A CHNA is a profile of a community’s health. It is informed by data, stakeholder interviews, surveys, forums, and interested community representatives with relevant knowledge and expertise about the health of the community. Through data and community perception, a CHNA is a systematic examination of the health status within a given population to help identify key problems and assets in a community.
In 2015, the Benton-Franklin Community Health Alliance (BFCHA) undertook the community-driven process to update the 2012 Community Health Needs Assessment (CHNA). Community members confirmed that the 2016 CHNA should retain the 2012 CHNA two strategic issues of:
Improve access to health care services
The 2016 CHNA is different because it focused on healthy equity and root causes and added a third strategic issue – mental health..
BFCHA used the evidence-based community health planning process from the National Association of County and City Health Officials (NACCHO) called Mobilizing for Action through Planning and Partnerships (MAPP).
Throughout the assessment process, BFCHA invited community members and organizations to meetings to discuss social determinants of health and to inform BFCHA members on how lack of health equity has impacted the effectiveness of the Community Health Improvement Plan (CHIP).
BFCHA studied the makeup of the populations within Benton and Franklin counties to understand social and economic barriers to health care access and healthy weight. For example, this predominantly rural area presents a geographic barrier to accessing resources. Lack of education and income also created health disparities.
In March 2016, community leaders identified health equity and poverty as important themes and significant barriers to achieving our health goals. Mental health remained a recurring theme. Mental health had been partially addressed in the 2012 CHNA and CHIP through tactics under the strategic issues of health care access and obesity. It became clear that mental illness was impacting many areas in the community beyond health care such as public safety and education. Many of the causal factors that impact mental health such as Adverse Childhood Experiences (ACEs), affordable housing, social stigma, homelessness, drug abuse are the same factors affecting health equity. When both data and community concerns were considered, it was clear that mental health needed to be a separate strategic issue.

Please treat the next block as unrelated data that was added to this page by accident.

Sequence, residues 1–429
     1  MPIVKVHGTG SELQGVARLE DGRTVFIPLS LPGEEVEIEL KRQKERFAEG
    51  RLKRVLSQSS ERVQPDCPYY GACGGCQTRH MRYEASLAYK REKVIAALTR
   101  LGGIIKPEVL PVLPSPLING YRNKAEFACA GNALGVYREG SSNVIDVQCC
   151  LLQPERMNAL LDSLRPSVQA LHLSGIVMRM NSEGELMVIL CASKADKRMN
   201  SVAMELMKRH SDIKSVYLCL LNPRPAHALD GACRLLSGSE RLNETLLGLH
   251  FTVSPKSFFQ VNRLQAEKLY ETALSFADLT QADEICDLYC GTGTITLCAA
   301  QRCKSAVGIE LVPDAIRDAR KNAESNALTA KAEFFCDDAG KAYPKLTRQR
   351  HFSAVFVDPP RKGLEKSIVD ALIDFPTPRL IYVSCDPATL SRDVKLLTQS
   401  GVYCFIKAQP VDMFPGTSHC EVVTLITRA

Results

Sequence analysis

Successes and Lessons Learned
Since implementing the CHIP there have been many successes and early wins. Programs like the Community Gardens and “Good Health is Good Business” have blossomed. The hospitals have expanded facilities, services, and participated in community education. The lessons learned are that every strategy needs a champion in order to get things going and keep things moving. Strategies that were less successful served as a reminder that accountability needs to be more than simply assigning an agency to be responsible.
Current events and media proved to be important for creating a mindset of change in the community. During the 2012 CHNA cycle, the Tri-Cities made national news as the ninth most obese metropolitan statistical area in the nation. More recently, mental health issues have dominated the news and consciousness of the community.
Finally, the power of collective impact was demonstrated repeatedly in those projects that proved successful, and gives a framework to duplicate in the future. The updated CHIP will benefit from the experiences learned over the past eighteen months and will focus on upstream interventions and addressing health disparities to reduce obesity, improve access to health care and improve the mental/behavioral health system.